The conductor was Gianluca Marcianò, currently Musical Director and Principal Conductor of the Tblisi State Opera and Ballet Theatre, Georgia and here making his ENO debut. Despite some decidedly harsh, un-Puccinian string playing early on, it became clear the players liked him and solo contributions from the woodwind throughout were given with great character. His view on Puccini is clearly not to linger, something which enables one to feel the dramatic arches. He just stays the right side of breathless, and, perhaps most importantly, his ear for Puccini’s lines and counterpoint is highly developed. The core of his conducting is a sense of flow, something which enabled us to appreciate all the more Puccini’s impeccable grasp of theatre.

The cast was variable. The title role, Cio Cio San, is shared in this run between Dina Kuznetsova (on this occasion) and Mary Plazas. Plazas is a superb singer and actress, as her Violetta has proved,  plus her physical frame seems perfect for the young girl at the heart of this story (as would seem to be confirmed by Jim Pritchard’s review of this production in May 2012). In contrast, there is no way anyone could pretend Kuznetsovas was the fifteen years specified in the drama. Still, she is capable of great delicacy (as her “Un bel dì vedremo” demonstrated), and she has a lovely voice that she uses to great effect in her moulding of Puccini’s phrases.  (I have only experienced her briefly before, in a Met simulcast of Zandonai’s Francesca da Rimini). But the Pinkerton, Timothy Richards (according to the ENO press information’s triumph of hyperbole, “one of the leading tenors of his generation”), just did not have the voice, the power or the charisma to convince. Often just on the verge of being submerged by the orchestra, it was immediately clear that this imbalance was the shortcoming of the singer, not any sort of over-enthusiasm of the conductor; the natural casualty of this is the fervency of the projected emotions so vital to Puccini (act I’s “Dovunque al mondo” being a case in point). Where Kuznetsova could act, Richards just got through. Which is more than could be said for George von Bergen’s cardboard cut-out Sharpless, the United States Consul at Nagasaki. The voice lacked body and conviction, was frequently fluttery and when not singing he simply looked as if he would rather be somewhere – anywhere – else, such was the level of his awkwardness.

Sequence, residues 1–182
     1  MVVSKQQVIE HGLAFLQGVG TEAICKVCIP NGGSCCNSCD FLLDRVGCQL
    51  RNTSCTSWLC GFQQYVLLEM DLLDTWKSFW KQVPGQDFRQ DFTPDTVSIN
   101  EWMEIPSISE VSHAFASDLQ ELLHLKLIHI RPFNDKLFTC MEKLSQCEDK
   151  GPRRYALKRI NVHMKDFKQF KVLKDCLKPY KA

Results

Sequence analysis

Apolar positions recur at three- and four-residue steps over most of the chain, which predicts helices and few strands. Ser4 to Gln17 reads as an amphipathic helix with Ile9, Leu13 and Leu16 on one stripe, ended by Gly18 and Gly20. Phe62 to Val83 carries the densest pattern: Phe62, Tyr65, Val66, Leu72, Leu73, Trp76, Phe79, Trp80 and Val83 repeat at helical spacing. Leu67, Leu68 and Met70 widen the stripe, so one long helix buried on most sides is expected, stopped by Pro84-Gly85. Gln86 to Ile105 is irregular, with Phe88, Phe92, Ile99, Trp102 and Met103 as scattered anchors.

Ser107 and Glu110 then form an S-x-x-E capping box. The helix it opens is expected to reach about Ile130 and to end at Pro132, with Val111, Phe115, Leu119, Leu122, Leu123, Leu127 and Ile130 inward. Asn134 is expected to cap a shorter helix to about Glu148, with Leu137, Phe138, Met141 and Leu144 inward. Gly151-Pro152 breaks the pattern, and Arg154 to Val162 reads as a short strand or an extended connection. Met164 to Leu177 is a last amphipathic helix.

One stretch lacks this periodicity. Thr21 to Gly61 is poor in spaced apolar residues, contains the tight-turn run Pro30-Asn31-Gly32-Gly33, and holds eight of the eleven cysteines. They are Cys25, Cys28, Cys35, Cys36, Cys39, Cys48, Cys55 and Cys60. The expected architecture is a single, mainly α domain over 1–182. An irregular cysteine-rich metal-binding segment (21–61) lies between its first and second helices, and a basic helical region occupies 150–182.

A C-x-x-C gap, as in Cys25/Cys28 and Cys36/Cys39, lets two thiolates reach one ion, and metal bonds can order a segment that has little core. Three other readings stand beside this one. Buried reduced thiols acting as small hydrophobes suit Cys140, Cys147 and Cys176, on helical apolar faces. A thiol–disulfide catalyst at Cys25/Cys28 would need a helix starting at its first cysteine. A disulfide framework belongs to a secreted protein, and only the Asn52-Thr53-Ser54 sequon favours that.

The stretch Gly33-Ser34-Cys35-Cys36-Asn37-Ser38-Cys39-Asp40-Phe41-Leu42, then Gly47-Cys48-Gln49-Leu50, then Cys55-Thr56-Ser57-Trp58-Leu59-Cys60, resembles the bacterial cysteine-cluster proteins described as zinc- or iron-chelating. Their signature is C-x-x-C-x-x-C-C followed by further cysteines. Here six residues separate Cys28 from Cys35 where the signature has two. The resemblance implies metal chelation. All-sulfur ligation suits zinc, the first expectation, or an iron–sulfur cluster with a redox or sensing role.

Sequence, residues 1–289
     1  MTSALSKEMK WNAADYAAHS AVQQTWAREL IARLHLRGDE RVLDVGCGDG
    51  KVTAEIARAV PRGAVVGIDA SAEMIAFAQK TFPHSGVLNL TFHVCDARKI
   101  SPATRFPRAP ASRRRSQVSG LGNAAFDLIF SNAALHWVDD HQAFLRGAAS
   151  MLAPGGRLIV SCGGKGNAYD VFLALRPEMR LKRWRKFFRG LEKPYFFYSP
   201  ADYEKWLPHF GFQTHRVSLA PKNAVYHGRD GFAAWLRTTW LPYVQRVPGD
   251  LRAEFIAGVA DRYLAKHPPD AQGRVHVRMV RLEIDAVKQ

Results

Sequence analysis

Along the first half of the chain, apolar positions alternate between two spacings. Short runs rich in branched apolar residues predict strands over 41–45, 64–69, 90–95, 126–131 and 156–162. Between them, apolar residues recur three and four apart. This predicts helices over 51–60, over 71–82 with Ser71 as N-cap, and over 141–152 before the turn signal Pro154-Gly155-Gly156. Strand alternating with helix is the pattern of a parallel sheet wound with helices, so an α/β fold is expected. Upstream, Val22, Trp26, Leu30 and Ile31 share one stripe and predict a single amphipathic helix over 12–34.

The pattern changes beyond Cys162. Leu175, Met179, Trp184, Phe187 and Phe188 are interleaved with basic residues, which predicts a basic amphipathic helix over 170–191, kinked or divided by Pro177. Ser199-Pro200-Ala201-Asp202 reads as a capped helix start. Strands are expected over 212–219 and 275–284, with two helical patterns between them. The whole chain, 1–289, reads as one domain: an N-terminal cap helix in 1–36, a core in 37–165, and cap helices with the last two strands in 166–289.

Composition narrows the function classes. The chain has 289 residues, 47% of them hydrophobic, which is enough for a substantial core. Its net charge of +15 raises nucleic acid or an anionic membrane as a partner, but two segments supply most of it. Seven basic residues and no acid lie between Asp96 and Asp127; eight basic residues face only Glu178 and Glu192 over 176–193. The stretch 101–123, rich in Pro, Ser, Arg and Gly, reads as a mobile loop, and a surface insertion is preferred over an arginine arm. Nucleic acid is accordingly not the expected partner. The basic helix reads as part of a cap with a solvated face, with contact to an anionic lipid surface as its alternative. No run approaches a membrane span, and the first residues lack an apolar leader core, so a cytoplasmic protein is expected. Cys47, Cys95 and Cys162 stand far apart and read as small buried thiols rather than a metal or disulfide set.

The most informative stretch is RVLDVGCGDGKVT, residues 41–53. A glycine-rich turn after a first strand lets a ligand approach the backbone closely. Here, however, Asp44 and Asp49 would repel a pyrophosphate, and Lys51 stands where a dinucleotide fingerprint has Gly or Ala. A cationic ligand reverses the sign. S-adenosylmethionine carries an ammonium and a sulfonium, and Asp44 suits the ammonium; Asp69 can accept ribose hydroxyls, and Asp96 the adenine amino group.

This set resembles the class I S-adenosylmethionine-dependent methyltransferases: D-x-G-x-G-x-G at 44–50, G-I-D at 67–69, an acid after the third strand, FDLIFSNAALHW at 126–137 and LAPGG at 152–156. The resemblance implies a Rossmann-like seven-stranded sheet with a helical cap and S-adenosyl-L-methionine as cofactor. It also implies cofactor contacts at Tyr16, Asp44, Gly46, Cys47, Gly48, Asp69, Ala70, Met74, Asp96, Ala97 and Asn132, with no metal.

It was excellent to see Pamela Helen Stephen on stage as Butterfly’s maid, Suzuki. Stephen’s experience showed in her presence, her sheer believability, and her grasp of each and every phrase and its place in the dramatic whole. Musically, she was the sonic equivalent of lighting up the stage every time she was on. The other female star of the evening was Catherine Young, whose brief appearance as Kate Pinkerton revealed her to be commanding of voice as well as stage presence. Alexander Robin Baker’s Prince Yamadori tended towards caricature, while Mark Richardson’s Bonze needed more vocal authority. Alun Rhys Jenkins’ Goro was throroughly characterful.

At least with an English cast one does not hear “America forever” in an Italian accent, which is one of the few advantages of hearing Butterfly in translation. The ENO Chorus was its usual excellent self, delivering a faultless Humming Chorus. This is in many ways a wonderful evening. With consistent casting it could be truly wonderful.

Colin Clarke